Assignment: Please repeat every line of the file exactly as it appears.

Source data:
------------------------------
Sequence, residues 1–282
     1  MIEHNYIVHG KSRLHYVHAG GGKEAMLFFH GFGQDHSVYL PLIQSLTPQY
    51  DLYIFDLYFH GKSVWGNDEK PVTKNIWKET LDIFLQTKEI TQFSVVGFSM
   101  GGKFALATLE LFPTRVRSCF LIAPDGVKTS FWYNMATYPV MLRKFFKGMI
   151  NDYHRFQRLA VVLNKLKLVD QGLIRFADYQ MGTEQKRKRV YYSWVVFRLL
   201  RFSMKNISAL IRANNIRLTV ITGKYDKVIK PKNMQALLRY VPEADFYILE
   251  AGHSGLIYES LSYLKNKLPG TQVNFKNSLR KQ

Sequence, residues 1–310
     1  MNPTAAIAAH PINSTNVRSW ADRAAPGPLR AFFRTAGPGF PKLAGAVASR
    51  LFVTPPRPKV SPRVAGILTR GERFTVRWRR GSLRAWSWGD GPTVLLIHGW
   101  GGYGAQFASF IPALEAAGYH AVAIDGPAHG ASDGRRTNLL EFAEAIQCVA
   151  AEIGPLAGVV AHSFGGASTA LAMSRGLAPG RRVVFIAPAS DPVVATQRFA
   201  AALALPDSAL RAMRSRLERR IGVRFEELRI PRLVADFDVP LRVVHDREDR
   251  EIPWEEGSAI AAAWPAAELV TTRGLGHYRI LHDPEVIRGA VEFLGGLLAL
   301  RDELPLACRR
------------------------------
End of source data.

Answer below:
Sequence, residues 1–282
     1  MIEHNYIVHG KSRLHYVHAG GGKEAMLFFH GFGQDHSVYL PLIQSLTPQY
    51  DLYIFDLYFH GKSVWGNDEK PVTKNIWKET LDIFLQTKEI TQFSVVGFSM
   101  GGKFALATLE LFPTRVRSCF LIAPDGVKTS FWYNMATYPV MLRKFFKGMI
   151  NDYHRFQRLA VVLNKLKLVD QGLIRFADYQ MGTEQKRKRV YYSWVVFRLL
   201  RFSMKNISAL IRANNIRLTV ITGKYDKVIK PKNMQALLRY VPEADFYILE
   251  AGHSGLIYES LSYLKNKLPG TQVNFKNSLR KQ

Sequence, residues 1–310
     1  MNPTAAIAAH PINSTNVRSW ADRAAPGPLR AFFRTAGPGF PKLAGAVASR
    51  LFVTPPRPKV SPRVAGILTR GERFTVRWRR GSLRAWSWGD GPTVLLIHGW
   101  GGYGAQFASF IPALEAAGYH AVAIDGPAHG ASDGRRTNLL EFAEAIQCVA
   151  AEIGPLAGVV AHSFGGASTA LAMSRGLAPG RRVVFIAPAS DPVVATQRFA
   201  AALALPDSAL RAMRSRLERR IGVRFEELRI PRLVADFDVP LRVVHDREDR
   251  EIPWEEGSAI AAAWPAAELV TTRGLGHYRI LHDPEVIRGA VEFLGGLLAL
   301  RDELPLACRR